Judith Dörrenbächer is a design researcher and teacher of design theory at Niederrhein University of Applied Sciences. Her doctorate is on quasi-ensouled technological environments and new concepts of subjectivity.
Here she transfers theories of so called “New Animism” to design theory. She studied at Köln International School of Design and worked for several research and exhibition projects dealing with urban culture, subversive design and social utopia e.g. in Taipei, Tbilisi, Basel and Cologne.
Her co-edited book Beseelte Dinge. Design aus Perspektive des Animismus will be published soon.
Performative Experiments. New Modes of Critique and Subjectivity Provoked by Design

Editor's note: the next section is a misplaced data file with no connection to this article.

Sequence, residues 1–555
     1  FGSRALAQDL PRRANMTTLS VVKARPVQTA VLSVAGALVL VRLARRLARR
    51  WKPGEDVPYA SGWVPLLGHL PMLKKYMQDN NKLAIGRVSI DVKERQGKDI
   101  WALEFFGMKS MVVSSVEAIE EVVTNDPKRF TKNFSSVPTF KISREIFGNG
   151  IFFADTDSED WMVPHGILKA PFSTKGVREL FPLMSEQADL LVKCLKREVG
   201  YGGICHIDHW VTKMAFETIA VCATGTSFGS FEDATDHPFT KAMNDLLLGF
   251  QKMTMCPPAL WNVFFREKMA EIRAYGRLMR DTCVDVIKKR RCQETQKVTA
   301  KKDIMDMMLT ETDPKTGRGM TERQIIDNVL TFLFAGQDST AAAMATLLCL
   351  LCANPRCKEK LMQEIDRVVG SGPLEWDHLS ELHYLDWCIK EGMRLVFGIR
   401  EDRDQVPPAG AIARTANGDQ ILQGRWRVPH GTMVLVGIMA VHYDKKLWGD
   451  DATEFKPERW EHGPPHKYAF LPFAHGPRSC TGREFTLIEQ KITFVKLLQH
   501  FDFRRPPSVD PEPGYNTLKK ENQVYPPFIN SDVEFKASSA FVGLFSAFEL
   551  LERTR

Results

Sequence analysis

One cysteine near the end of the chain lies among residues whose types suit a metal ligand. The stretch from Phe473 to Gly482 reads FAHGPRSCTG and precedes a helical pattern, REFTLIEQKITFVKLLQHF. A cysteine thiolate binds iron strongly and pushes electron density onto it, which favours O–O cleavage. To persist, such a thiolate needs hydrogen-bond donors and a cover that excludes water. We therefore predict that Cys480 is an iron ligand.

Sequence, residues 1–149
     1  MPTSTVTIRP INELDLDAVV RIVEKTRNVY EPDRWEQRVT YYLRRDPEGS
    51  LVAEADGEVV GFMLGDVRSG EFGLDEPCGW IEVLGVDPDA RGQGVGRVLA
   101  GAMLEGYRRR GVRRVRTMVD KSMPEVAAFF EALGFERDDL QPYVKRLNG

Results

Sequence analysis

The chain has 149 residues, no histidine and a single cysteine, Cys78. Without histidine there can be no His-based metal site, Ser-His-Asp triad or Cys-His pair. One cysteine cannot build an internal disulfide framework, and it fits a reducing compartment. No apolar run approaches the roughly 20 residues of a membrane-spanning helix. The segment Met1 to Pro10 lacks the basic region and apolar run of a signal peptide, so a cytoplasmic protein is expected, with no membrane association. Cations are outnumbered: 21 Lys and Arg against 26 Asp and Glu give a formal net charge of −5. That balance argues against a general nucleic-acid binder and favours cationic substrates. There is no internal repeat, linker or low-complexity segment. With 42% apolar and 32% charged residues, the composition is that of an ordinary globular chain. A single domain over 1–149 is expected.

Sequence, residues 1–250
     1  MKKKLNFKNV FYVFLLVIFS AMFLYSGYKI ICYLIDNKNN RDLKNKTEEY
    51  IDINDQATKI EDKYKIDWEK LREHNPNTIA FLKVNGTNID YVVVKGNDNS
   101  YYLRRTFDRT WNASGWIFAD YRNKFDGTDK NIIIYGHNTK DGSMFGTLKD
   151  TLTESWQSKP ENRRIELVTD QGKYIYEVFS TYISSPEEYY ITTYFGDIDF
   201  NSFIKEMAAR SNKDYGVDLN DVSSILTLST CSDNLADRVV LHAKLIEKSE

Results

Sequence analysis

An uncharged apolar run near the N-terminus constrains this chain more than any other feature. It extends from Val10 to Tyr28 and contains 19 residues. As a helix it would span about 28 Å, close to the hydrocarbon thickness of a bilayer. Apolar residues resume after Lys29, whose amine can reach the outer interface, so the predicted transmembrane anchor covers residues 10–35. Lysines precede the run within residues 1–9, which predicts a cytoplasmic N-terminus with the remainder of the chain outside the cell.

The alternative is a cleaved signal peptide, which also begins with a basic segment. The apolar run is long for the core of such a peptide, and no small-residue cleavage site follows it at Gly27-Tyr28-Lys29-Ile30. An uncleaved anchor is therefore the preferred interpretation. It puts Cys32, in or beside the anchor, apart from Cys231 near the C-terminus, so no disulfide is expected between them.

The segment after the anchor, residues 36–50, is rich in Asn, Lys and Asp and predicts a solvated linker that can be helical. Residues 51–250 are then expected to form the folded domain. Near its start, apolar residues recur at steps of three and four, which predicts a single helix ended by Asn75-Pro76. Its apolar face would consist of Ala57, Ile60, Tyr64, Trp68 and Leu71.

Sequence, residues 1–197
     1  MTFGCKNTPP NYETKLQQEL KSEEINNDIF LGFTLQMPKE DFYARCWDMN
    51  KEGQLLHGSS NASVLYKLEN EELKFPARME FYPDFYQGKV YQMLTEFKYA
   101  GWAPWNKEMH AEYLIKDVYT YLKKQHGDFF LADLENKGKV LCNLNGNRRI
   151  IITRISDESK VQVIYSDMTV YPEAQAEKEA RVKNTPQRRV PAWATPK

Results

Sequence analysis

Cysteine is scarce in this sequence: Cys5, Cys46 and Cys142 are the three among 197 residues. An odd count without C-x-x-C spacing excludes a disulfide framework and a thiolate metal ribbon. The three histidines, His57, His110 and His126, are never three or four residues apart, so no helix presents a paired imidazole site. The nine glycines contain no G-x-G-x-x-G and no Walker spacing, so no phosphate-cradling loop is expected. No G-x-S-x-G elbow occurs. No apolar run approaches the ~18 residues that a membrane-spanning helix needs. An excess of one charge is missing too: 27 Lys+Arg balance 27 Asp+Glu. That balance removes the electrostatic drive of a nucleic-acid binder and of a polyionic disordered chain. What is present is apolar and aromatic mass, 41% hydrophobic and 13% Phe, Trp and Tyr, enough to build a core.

The concept of an autonomous human subject, detached from the non-human world made our growth-oriented society possible in the first place. Currently not only the progressive growth is questioned but also the related idea of the autonomous subject. In cultural and social sciences but also in design there are claims for circular and relational thinking, resolving the distinctions between subject and object or humans and world. These approaches on the one hand provide a useful non-anthropocentric change of perspective but at the same time seem to endanger the idea of a critical subject. This contribution deals with approaches in design that experiment with new modes of subjectivity. What could critique and subjectivity be like in a non-anthropocentric, non-growth-oriented society? How could design experiments provoke attachment to the world but self-reflection at the same time?